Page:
The IX: Hockey Friday with Erica L. Ayala, August 9, 2019
The Aurora Games! — Audra Richards interview — Must-click women's hockey links
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If you are a believer in women’s sports (who am I kidding, I KNOW YOU ARE), then you should keep up with the Women’s Sports Foundation and The Aurora Games. The two recently announced a partnership (link below) for the upcoming women’s sports festival in Albany, NY.
What are The Aurora Games?
It was recently described to me as a mini Olympics, but with only women’s sports. Over 150 world-class athletes with compete in six sports: Ice Hockey, Tennis, Gymnastics, Basketball, Figure Skating, Beach Volleyball, and a table tennis exhibition. The festival will showcase women’s sports in a Team Americas vs. Team World competition.
On the line is the Babe Didrikson Zaharias Trophy. Babe was a multi-sport athlete that paved the way in women’s golf in particular. Her legacy is honored through The Aurora Games. Ice Hockey players attending The Aurora Games include: Blake Bolden, Venla Hovi, Molly Engstrom, and our guest for next week’s Five at The IX, Lauren Dahm.
I do wish the professional leagues and national teams would support, even through social media, the event more. Additionally, there are very few women of color represented as athletes or panelists for the event. Overall, I am excited to see women’s sports united in this way.
I plan to be reporting live from the event for The IX Newsletter. Which athletes from the list of participants are you most excited to hear from?
This Week in Women’s Hockey
Reminder: First, the underlined words are the links. Second. CLICK these, even if you’ve already read them. Clicks = Attention from editors, producers and webmasters. Third, if you want to push out stuff you’ve written or read, email me! Erica@ericalayala.com
The Women’s Sports Foundation has officially partnered with The Aurora Games!
Per usual, The Hockey Writer give you a look into the latest NWHL signings Becki Bowering, Marie-Jo Pelletier, Cassidy MacPherson, and inaugural NWHL player Alyssa Wohlfeiler.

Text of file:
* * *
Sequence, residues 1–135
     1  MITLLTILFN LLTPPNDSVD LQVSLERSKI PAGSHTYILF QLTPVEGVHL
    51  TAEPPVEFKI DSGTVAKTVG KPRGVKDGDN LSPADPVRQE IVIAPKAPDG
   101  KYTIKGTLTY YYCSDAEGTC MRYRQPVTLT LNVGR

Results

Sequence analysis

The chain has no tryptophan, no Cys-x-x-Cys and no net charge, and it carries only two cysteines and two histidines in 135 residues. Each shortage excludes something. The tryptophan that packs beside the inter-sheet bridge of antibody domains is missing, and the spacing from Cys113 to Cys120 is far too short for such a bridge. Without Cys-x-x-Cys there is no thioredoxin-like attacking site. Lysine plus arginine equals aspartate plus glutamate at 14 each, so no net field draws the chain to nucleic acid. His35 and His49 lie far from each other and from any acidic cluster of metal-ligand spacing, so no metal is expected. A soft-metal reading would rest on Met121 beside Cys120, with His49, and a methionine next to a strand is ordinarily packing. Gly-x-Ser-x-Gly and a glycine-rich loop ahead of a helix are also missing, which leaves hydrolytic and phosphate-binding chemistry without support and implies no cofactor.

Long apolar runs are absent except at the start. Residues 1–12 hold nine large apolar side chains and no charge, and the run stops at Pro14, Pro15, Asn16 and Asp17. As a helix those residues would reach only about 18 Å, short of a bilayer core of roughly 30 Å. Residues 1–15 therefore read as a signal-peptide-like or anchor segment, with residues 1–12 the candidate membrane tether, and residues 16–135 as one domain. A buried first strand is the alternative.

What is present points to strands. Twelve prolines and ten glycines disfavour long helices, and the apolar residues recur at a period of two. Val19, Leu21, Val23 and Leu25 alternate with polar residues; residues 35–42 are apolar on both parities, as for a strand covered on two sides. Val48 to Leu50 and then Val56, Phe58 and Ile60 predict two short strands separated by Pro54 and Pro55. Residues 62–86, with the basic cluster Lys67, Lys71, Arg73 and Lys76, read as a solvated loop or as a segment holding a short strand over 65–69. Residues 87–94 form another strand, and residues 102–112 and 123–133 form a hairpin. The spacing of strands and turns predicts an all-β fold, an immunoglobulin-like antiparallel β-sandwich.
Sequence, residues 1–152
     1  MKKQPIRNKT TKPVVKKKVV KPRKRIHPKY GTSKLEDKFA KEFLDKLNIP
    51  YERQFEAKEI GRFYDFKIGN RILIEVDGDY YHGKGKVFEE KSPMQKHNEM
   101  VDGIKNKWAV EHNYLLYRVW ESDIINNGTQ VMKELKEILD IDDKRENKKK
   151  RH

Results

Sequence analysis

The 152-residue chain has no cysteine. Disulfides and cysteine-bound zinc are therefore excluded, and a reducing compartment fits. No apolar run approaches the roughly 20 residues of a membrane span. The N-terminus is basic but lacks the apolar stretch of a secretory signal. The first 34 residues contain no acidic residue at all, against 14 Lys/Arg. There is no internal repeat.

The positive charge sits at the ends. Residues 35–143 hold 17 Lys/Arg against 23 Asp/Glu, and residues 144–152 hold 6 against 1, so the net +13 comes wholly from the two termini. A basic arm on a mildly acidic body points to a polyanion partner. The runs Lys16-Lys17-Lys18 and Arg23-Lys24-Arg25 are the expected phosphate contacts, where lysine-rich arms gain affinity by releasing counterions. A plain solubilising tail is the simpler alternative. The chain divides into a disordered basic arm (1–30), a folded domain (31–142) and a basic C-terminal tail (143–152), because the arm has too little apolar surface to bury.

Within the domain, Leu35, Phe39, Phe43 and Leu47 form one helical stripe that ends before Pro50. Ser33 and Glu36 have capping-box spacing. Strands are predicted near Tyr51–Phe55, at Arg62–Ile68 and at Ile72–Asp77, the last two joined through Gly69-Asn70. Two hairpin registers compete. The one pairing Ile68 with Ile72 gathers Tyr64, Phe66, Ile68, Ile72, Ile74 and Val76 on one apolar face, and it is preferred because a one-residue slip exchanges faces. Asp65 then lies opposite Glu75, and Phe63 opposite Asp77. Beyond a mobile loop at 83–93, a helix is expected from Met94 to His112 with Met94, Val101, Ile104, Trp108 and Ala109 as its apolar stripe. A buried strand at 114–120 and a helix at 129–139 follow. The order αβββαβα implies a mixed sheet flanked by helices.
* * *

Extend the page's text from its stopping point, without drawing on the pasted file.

Daniel Harbridge is an excellent advocate for the women’s hockey community, check out his latest post!
Lake Placid excited to host the USA Hockey Women’s Festival next week, writes The Adirondack Daily Enterprise.
The Ice Garden 2019 Top 25 under 25 list is LIVE!
You can keep up with the goings-on of the festival by following the USA Hockey daily notebook.
The Ice Garden published a Q&A with Susanna Tapani, who will represent Team Worlds at the inaugural Aurora Games Festival later this month.
Remember that women’s hockey play I keep telling you about, Glory? Well, it’s playing at the Thousand Islands Playhouse through August 17th. Someone PLEASE tell me all about this IRL! Until then, read this review which includes a line I couldn’t help but laugh at:
“The Rivulettes faced huge obstacles that most people wouldn’t have overcome: including working full time jobs while trying to squeeze in practices at odd hours (late at night-early morning) because men’s hockey teams had ice time preferential.”
Kendall Coyne Schofield headlines third annual Chicago Hockey Charity.
Tweet of the Week
Five at The IX: Audra Richards, Minnesota Whitecaps
Audra Richards returns to the NWHL, but with a new team. As a rookie, Richards scored 8 goals for the Riveters and was selected to the 2019 All-Star Weekend in Nashville, TN.
Erica L. Ayala: What went into your decision to return to hockey, but with the Whitecaps?